I’m Judging You: A Do Better Manual by Luvvie Ajayi – This, like many recent books by funny ladies, is a worthwhile humorous read in which Luvvie talks about how her friend’s need to choose better boy toys but also how we need to be better people in general – less homophobic, less racist, etc. There were some pieces that absolutely cracked me up and I highlighted and read out loud to people, but one of the bits that sticks out in my mind the most is when she talks about the teachers and kids in her (mostly white) school basically refusing to learn how to say her name (Ifeoluwa), and how her last name gives people so much trouble they barely try, but yet we can all pronounce Schwarzenegger with no trouble. I didn’t read this on audio, but I heard it’s GREAT, so maybe you should do that.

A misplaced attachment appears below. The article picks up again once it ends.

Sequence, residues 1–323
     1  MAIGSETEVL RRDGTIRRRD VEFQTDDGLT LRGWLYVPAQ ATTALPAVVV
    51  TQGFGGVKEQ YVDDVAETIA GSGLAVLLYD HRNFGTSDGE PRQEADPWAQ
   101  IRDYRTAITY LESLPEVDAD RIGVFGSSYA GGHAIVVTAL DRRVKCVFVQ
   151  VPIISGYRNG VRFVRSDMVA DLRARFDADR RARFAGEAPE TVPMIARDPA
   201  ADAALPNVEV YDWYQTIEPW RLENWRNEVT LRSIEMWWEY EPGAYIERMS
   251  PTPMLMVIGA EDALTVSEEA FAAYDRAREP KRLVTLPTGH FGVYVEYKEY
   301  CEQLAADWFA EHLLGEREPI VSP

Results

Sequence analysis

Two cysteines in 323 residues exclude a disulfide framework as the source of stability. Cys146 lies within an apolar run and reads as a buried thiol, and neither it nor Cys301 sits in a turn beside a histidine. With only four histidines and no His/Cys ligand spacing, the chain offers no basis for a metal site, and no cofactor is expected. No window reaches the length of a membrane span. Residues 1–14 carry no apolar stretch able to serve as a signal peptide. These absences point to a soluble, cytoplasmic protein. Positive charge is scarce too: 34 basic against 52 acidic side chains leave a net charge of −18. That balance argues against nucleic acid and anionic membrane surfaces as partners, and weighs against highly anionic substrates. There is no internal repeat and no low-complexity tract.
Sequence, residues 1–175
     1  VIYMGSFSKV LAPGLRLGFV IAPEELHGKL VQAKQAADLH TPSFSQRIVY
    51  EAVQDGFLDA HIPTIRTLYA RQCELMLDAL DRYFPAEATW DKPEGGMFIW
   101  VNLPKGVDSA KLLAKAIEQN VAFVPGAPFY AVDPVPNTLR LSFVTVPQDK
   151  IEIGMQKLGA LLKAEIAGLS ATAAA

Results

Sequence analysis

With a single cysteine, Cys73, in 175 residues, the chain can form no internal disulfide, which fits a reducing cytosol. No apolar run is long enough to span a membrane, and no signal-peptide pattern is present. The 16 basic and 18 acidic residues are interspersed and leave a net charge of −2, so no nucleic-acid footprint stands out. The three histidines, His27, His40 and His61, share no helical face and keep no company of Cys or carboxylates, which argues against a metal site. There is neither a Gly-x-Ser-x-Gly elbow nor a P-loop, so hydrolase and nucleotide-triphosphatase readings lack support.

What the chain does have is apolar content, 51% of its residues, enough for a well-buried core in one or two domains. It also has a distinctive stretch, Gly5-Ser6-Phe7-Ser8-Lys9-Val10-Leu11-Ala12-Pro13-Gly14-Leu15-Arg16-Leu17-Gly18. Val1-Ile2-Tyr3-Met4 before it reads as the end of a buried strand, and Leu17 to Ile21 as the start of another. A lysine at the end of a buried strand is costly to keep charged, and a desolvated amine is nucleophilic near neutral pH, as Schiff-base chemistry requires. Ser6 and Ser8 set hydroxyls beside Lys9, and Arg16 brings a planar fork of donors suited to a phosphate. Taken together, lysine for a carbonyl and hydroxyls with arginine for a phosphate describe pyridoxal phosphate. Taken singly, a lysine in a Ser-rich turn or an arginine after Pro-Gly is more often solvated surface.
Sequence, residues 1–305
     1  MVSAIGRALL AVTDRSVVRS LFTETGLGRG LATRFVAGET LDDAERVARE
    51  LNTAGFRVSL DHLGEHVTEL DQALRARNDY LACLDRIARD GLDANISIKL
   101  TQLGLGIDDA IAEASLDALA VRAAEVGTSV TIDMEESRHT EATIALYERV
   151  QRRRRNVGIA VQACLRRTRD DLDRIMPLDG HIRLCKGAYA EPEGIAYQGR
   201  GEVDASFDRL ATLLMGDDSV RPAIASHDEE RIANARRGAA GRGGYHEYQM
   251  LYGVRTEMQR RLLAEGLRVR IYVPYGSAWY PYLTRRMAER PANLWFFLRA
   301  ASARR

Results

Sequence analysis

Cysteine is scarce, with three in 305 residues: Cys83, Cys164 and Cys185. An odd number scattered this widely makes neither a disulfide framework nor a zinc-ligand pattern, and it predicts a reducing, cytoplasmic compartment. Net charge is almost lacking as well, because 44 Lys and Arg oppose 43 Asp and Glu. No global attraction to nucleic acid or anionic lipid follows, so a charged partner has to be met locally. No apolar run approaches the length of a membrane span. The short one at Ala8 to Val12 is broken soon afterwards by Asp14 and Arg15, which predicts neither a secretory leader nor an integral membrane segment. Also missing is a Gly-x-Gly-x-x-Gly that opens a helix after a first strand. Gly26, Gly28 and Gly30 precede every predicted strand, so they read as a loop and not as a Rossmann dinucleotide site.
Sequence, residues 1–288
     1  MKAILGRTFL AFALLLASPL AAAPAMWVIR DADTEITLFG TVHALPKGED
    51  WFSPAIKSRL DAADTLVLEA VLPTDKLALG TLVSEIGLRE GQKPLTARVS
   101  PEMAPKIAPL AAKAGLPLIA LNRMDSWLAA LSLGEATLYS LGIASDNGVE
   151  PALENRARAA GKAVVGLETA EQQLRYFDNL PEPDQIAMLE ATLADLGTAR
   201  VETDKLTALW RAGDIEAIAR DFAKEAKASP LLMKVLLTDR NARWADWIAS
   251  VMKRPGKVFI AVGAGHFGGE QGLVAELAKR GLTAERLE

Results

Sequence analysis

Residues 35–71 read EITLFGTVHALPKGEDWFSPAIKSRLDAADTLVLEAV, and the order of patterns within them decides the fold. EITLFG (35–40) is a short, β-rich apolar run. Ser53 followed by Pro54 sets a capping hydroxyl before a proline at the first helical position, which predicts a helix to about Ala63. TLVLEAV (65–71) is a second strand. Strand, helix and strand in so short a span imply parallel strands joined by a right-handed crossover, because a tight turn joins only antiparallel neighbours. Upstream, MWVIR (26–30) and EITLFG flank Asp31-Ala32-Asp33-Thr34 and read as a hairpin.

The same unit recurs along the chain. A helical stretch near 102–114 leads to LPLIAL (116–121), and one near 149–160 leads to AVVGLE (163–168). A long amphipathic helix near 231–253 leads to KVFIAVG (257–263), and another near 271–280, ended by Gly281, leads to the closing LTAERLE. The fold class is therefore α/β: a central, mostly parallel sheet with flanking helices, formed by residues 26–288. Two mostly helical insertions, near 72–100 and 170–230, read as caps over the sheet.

The Good Immigrant edited by Nikesh Shukla – This is a collection of essays by British immigrant and POC authors about their experiences. Since I live in the US, the conversations and news about race are usually centered on American experiences – and weirdly, trying to Google to find out the race issues that other countries are struggling through doesn’t turn up much useful information. I’m so glad I got to read this, which gave me insight into some of the prejudices and microaggressions that are ingrained in British culture. This isn’t available to purchase in the US, even on Amazon, but you can get your copy from The Book Depository easy peasy.